In this tutorial I’ll show you how to remove rust stains from antique and vintage clothing without damaging the fabric.
A while ago I bought an antique Edwardian princess petticoat with rust stains on the fabric and lace. Rust stains should be removed because they’ll eventually break down fibers and cause holes. So I searched the internet how rust stains were removed in the Edwardian era. To remove rust stains, iron mould or ink, Victorians and Edwardians usually used lemon juice, lemon juice and salt, cream of tartar, oxalic acid, or milk and salt (A Manual Of Home-Making, 1919/ Encyclopedia Of Practical Receipts And Processes, 1872). In this tutorial I’ve tried two methods: lemon juice and boiling water, and lemon juice with salt.
- boiling water
- optional: salt
Here’s how the petticoat looked before: many large and small spots, mainly at the shoulder. Probably the petticoat was dried on a metal hanger sometime.
The lemon juice recipe is for ‘rust stains on white washable materials […] This method is rather slow but does not injure delicate white cotton or linen fabrics.’ (A Manual Of Home-Making, 1919)
Squeeze the lemon to saturate each rust stain with some drops of lemon juice.
Hold the fabric over the boiling water for a while. Then rinse the fabric in cold water. Repeat the process as often as necessary.
Rinse the fabric in cold water and put it into the washing machine. The stains will look slightly different prior to washing but won’t disappear till after washing.
Alternative: You could also cover the stains with a paste of lemon juice and salt and let it soak for some hours. Then rinse the fabric and wash in the washing machine.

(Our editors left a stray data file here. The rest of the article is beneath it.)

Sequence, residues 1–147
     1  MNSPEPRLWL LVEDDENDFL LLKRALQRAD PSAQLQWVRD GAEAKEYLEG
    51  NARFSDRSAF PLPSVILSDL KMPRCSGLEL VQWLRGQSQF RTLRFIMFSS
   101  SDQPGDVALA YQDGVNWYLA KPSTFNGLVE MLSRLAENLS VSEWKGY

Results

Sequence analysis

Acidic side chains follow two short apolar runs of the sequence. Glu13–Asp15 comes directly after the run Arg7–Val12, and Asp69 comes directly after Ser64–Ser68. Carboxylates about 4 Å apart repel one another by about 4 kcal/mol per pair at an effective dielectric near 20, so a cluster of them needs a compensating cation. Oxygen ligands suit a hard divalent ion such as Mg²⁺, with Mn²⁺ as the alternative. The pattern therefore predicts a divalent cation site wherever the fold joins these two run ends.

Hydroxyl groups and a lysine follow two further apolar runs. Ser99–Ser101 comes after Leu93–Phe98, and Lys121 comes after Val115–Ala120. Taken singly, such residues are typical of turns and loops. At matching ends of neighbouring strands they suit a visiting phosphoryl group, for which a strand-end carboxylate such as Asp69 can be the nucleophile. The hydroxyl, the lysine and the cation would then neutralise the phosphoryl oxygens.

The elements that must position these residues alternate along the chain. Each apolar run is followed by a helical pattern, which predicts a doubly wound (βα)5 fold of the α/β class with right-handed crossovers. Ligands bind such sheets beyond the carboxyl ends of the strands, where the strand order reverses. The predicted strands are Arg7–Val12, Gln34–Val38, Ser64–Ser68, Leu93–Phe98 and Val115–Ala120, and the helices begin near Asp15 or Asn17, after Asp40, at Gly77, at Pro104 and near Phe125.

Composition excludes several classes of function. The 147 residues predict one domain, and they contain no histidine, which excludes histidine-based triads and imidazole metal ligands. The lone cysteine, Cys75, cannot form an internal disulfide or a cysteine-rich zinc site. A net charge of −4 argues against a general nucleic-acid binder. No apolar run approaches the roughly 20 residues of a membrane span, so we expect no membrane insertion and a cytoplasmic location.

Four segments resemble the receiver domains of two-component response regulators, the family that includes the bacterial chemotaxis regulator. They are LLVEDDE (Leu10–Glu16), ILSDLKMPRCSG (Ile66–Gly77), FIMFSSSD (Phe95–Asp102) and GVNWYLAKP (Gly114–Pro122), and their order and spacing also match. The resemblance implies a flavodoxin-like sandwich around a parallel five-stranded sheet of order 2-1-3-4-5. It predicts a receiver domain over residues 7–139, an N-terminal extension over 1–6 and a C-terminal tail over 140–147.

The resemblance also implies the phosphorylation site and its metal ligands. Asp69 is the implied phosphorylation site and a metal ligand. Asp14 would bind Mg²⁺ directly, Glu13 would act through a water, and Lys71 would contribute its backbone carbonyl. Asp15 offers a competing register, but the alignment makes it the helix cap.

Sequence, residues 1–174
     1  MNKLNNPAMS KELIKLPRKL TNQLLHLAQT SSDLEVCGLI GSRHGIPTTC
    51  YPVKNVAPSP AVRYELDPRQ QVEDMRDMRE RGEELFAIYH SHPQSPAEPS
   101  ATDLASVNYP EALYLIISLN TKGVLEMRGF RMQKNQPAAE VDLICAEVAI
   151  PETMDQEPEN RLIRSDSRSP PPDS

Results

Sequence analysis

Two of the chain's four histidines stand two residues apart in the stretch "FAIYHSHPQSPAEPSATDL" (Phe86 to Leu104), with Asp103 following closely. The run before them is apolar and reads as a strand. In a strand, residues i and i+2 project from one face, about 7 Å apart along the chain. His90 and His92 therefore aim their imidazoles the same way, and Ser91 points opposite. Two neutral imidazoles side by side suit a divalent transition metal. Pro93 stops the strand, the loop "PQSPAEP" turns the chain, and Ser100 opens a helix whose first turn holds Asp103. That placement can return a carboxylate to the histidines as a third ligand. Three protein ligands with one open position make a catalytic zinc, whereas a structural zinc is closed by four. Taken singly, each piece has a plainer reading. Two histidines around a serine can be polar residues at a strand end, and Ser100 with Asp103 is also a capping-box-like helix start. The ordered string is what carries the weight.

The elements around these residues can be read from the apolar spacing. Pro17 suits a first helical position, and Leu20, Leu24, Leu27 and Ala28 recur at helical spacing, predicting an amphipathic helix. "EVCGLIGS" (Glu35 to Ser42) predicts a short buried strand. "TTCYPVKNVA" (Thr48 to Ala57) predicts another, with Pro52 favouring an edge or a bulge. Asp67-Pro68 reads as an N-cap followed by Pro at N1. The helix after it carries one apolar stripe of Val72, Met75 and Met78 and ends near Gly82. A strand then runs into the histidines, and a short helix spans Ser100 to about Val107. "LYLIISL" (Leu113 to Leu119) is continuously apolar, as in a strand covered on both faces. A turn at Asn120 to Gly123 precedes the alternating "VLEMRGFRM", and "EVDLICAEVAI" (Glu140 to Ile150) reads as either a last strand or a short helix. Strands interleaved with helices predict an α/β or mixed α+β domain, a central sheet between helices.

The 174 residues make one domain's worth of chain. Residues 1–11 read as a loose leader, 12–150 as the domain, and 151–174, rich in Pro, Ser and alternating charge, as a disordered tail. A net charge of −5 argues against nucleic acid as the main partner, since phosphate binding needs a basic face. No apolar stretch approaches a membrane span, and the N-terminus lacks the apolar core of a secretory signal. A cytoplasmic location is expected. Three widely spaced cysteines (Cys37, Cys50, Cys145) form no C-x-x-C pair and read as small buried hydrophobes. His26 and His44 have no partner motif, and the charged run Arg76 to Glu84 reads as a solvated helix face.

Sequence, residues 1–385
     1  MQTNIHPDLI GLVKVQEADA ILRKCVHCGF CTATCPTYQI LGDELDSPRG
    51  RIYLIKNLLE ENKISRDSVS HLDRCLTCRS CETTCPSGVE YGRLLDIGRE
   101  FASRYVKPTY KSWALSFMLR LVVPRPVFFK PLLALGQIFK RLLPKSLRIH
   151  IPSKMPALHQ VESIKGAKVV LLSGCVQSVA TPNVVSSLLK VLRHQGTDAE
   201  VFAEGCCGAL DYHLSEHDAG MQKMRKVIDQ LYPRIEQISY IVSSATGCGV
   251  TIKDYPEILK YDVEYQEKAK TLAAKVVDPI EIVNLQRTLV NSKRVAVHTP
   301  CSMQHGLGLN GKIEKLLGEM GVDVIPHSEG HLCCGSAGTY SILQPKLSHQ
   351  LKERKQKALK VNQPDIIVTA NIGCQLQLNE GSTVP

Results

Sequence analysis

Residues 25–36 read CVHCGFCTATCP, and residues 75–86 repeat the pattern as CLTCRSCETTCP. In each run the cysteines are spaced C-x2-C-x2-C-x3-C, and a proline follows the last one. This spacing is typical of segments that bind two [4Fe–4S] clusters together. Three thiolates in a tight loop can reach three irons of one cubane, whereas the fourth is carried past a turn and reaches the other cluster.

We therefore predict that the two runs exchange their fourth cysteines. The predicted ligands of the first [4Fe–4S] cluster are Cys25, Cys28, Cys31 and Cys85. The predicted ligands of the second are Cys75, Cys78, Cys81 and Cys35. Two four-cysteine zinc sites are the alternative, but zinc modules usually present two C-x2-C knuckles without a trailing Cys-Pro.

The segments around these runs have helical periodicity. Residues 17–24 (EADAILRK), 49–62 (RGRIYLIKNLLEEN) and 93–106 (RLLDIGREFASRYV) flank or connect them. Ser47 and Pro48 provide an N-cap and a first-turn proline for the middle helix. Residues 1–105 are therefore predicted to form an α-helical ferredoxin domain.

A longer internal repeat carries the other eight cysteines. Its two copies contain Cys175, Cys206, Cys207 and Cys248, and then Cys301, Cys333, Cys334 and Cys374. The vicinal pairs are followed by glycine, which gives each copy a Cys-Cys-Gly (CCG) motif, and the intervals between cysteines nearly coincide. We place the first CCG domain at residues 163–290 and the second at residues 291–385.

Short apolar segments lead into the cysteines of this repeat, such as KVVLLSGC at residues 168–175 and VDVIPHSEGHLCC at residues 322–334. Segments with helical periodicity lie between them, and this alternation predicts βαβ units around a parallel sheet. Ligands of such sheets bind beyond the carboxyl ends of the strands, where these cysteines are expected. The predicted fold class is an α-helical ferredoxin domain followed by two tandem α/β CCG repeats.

This is how the petticoat looked after washing in the washing machine: The small stains are completely gone and the larger stains are smaller. I think they’ll also disappear when I repeat the process.
Here you’ll find more Victorian laundry tips and tricks.
14 thoughts on “How To Remove Rust Stains From Antique Clothing [Tutorial]”
wow that is amazing how well it took out the stains. I am impressed because I am not good at taking stains out of anything. Thanks for sharing this
It’s a slow process but it works! Thanks for stopping by!
I just did this recently with some vintage linens! Thanks for sharing your tip at Vintage Charm!
Thanks for stopping by, Cecilia!
I’ve heard of this, but have never tried it. Thanks for sharing with SYC. Pinning.
Thanks for pinning!
Hi, does it work on satin? My satin Communion dress is 50 years old and has bad rust stains I would love to remove. Thanks for your handy hints.
Sorry, I don’t know if it works on satin. The Victorian and Edwardian recipes recommend it just for washable materials (cotton and linen fabric) – silk was usually not washed in the Victorian era. I just tried it on cotton fabric and cotton lace. If you try it out, please let me know if it works on satin.
Did both processes work as well? Or did one work better than the other?
Both processes worked but the first method worked better in my opinion! 🙂
Hi! Thanks so much for sharing!
I have a 60s girdle that has rust stains on the inner lace panel, do you think this is a safe to keep and is this a good method for it?
I’ve successfully used it on a 1900s cotton lace petticoat. Is it natural or synthetic lace? I don’t know if it works on synthetic lace. So far I’ve only used it on natural lace (cotton). But you can just try it and see if it works.
Thanks for this!! I found a linen tablecloth with lace inserts that’s most likely my hometown’s style of crochet, and it has a few rust spots on it. I couldn’t leave it at the thrift store and I have some “vintage” lace that my grandmother made in the 90s that needs a spruce-up — hopefully it will work for those too!
Glad you find it helpful! 😀